The power of cultures January 11, 2012
Our world and behaviors are shaped by the cultures and rules that conform it. 1 The power of people and the culture they embrace are some of the most powerful tools in the software engineer’s toolbox, and are also the greatest hurdles. The best solution to any problem is the non-technical solution, that uses the power of culture and community to achieve a greater goal.2
There are many examples of the deep impact positive cultures have on their populations, no matter how large or small the population is. For example, take Do-It-Yourself (DIY)- the culture and camaraderie within it have existed for decades. It’s become a way-of-life for some individuals. The culture is so powerful, it has even been adapted into a personality trait ala I’m a real do-it-yourself’er.
Similar effects can be found in technical organizations and even within software projects. Ruby has had a profound effect on the approach and adoption of software testing. TDD is the norm for Ruby developers (especially those using Rails), to a degree that wasn’t previously seen in other languages or projects. Likewise, I’d argue that Clojure is causing a “Thinking” culture to emerge- where careful, deep, purposeful thought and dissection of the problem space are the first steps of all ideal solutions.
This concept of “purposeful culture” can be leveraged to boost your own engineering team.
A tale of engineering at Etsy
I credit my experience at Etsy as the first great example of how powerful a team/company culture can be and what results given one. At the earlier days of Etsy, everyone was more or less equal. The entire company (at the time I left, 65 employees), was roughly a horizontal organization. Every idea and criticism was valuable and received the same amount of attention- as long as you had the data to back it up.
We decided as a team (and to some degree, as a family) what was important to us, what we thought we should work towards, and how we should go about doing that. Employees were valued above everything else. Being in a room where everyone was a first class employee not only allowed us to get to the winning ideas faster, but made everyone feel important.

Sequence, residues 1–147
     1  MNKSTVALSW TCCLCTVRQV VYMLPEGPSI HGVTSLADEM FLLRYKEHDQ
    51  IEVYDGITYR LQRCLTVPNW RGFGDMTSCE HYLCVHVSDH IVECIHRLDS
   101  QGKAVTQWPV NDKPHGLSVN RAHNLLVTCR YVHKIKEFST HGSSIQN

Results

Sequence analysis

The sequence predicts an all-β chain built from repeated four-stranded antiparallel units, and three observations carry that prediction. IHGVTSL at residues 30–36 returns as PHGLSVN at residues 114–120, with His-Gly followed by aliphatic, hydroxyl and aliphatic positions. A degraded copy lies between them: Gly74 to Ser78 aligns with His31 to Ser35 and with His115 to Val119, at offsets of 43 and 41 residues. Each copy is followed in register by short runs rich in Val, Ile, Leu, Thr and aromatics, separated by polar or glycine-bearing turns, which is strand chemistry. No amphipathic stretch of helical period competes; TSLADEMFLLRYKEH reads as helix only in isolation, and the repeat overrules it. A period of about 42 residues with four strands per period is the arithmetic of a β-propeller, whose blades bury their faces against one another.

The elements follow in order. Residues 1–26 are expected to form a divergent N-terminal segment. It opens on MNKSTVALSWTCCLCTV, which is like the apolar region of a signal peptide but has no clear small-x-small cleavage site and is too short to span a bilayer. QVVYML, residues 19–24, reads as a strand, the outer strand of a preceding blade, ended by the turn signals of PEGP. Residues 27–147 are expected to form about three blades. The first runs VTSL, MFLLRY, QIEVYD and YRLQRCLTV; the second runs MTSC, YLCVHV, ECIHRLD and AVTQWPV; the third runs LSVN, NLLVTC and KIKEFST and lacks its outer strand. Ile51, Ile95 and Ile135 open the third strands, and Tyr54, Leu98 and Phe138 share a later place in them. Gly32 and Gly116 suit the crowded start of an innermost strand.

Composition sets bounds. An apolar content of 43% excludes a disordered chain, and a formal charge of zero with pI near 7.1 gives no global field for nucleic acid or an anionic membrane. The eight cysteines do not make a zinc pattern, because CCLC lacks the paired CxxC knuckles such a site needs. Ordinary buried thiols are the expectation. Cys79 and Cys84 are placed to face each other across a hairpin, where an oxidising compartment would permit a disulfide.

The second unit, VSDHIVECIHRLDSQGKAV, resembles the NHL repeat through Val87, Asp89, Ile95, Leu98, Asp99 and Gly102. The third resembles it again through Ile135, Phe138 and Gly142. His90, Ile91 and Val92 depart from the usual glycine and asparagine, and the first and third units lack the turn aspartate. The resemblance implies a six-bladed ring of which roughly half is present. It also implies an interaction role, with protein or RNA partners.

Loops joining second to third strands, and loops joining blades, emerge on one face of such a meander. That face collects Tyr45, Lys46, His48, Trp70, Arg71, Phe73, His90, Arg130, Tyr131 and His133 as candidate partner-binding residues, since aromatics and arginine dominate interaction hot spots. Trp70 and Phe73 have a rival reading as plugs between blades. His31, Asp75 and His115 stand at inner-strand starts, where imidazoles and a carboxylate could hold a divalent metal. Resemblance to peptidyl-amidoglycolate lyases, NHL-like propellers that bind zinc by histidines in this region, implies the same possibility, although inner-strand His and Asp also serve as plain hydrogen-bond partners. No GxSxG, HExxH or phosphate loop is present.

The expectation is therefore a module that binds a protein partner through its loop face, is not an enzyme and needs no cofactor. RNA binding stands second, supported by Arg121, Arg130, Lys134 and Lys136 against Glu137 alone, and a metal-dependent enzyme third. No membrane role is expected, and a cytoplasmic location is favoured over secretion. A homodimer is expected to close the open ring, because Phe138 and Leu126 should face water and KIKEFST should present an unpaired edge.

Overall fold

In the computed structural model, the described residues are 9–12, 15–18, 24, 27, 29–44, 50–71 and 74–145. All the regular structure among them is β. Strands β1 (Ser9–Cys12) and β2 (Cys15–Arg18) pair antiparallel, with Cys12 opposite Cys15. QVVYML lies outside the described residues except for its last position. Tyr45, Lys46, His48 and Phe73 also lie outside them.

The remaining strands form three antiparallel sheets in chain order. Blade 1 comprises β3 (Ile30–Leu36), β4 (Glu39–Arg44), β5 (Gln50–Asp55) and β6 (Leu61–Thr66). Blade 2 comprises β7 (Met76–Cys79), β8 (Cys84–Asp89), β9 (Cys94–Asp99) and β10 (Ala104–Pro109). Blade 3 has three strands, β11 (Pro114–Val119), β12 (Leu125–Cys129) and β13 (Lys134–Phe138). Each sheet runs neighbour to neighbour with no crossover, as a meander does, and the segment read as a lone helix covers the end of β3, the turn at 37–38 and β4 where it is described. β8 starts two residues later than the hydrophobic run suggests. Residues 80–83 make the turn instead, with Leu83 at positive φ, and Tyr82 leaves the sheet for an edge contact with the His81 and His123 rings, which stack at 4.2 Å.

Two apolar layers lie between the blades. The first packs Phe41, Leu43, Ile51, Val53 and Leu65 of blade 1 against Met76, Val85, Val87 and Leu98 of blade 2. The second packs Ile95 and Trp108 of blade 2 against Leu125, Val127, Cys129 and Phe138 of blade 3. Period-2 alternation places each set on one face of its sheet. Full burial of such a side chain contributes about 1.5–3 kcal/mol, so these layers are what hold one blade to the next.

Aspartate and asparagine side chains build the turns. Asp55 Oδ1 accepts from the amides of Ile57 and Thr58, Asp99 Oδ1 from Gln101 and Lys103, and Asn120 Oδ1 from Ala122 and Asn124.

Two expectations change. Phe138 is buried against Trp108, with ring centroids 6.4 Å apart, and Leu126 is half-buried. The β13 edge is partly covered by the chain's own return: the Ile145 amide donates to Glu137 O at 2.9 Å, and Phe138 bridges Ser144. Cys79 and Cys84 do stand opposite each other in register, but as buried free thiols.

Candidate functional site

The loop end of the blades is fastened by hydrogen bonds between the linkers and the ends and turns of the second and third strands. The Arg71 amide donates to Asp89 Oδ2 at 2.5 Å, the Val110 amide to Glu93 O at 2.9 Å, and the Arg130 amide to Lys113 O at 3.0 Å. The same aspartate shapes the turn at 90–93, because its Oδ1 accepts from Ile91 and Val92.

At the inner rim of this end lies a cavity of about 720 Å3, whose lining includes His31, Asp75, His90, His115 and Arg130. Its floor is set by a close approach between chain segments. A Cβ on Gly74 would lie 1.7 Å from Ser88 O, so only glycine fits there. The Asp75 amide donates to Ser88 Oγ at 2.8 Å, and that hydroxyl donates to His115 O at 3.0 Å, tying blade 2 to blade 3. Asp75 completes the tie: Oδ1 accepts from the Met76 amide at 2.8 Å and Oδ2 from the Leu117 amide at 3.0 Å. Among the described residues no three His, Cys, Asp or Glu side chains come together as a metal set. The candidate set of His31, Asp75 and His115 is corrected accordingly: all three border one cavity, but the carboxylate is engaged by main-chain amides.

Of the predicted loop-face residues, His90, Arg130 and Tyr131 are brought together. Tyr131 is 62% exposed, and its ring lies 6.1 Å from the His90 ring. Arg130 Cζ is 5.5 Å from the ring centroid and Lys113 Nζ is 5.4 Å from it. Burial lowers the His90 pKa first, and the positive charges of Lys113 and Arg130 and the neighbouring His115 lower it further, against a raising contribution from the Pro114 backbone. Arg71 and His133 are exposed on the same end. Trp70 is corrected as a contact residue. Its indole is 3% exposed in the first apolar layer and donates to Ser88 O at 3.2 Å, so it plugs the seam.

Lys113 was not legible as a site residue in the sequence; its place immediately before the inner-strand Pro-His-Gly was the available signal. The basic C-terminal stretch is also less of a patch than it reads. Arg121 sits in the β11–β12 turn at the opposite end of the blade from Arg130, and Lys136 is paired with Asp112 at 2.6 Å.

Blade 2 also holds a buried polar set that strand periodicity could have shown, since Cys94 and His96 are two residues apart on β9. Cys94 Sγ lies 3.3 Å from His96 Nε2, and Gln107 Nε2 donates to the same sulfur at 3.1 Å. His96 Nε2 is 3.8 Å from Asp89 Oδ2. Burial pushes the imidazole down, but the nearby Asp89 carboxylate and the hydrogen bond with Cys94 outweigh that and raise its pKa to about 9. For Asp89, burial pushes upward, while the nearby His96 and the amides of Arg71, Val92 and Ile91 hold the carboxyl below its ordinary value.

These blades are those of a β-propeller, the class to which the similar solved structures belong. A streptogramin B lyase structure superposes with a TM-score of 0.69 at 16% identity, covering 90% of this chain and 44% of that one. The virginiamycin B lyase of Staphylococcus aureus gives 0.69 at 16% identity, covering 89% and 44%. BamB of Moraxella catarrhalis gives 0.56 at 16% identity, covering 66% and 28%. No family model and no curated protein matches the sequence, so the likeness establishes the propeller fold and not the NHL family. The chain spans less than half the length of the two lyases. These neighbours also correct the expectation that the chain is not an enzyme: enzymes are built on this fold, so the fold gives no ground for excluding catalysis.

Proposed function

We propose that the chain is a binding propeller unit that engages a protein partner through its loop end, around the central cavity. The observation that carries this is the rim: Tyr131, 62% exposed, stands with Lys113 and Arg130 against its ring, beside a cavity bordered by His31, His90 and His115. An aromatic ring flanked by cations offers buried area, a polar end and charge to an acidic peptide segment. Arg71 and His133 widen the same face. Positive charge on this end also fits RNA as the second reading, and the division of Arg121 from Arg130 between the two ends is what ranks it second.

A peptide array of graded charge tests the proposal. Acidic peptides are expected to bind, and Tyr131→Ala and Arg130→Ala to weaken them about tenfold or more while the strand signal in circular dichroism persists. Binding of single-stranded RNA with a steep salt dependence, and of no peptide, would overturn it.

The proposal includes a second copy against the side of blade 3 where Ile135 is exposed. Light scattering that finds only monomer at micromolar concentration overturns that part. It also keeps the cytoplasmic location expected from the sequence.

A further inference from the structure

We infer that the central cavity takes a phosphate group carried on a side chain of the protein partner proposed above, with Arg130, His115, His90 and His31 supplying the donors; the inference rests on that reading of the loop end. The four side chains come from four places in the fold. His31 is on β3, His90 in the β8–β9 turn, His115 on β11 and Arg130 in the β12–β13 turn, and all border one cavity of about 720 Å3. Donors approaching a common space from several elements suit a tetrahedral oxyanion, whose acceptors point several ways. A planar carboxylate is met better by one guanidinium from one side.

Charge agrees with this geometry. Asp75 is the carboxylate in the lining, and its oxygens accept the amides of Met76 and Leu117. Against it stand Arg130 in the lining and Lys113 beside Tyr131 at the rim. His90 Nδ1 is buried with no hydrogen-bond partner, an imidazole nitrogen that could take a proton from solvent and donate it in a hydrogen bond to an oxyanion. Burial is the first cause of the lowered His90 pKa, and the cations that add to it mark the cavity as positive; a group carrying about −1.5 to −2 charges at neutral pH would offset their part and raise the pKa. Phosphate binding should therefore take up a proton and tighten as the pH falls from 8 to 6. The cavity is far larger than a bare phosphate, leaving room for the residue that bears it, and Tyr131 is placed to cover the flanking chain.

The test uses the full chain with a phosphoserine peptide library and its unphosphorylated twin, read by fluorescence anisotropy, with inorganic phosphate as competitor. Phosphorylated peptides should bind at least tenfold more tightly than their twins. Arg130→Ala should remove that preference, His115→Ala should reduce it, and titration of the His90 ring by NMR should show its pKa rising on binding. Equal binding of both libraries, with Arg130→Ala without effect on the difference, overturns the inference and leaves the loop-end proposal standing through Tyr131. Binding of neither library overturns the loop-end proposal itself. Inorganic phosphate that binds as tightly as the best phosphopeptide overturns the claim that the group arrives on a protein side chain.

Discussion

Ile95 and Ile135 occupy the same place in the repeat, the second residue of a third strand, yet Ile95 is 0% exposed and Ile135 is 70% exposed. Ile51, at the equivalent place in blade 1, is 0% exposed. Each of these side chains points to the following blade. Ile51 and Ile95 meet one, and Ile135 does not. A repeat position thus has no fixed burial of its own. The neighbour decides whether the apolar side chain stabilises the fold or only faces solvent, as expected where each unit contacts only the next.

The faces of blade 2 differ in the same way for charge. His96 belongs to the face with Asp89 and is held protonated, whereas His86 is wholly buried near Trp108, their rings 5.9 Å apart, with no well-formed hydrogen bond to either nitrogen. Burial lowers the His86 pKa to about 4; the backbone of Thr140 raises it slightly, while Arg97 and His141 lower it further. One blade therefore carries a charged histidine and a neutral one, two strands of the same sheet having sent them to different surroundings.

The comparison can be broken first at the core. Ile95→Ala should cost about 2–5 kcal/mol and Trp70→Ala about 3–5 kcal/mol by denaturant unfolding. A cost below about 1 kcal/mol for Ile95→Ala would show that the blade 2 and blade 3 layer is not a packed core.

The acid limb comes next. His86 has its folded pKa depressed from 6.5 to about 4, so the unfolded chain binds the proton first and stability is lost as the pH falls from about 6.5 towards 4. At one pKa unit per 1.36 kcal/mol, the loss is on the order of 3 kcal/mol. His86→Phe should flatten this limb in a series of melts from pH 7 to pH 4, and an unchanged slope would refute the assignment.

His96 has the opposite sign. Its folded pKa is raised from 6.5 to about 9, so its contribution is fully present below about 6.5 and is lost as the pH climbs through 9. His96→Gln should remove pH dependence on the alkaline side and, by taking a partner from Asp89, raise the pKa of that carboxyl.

Data and democracy ruled.
It didn’t stop there either. Etsy has continued this tradition of optimizing for the employee and driving all their decisions by real data. Chad Dickerson sums it up nicely in a talk he delivered at railsconf.
Culture’s effects on process
Effective process comes from effective cultures, not the other way around.
If you want the best possible process for your team, you must first create a culture where the natural outcome is that process. Here are some things that worked for Etsy and have continue to work for me as I’ve built out engineering teams:
- Strive to be objective, always.
- Give everyone access to all points of data
- Encourage innovation and create clear paths for bringing the fruits of labor before the group
- Drive ownership across everyone
- Continual and constant learning
- Mistakes are ok, Failures are ok, Adaptation is essential
- Ask “why” more than “what”
- Much work has gone into studying the network and behavioral effects of populations given different societal inputs. See Networks, Crowds, and Markets by Easley and Kleinberg [↩]
- Here I’m using powerful in the terms of “work effort over time,” based on an assumption that social interaction amongst people is solving a specific problem. In the same regards, I’m using best to refer the lack of software/hardware/”systems” engineering in the elegant solution. [↩]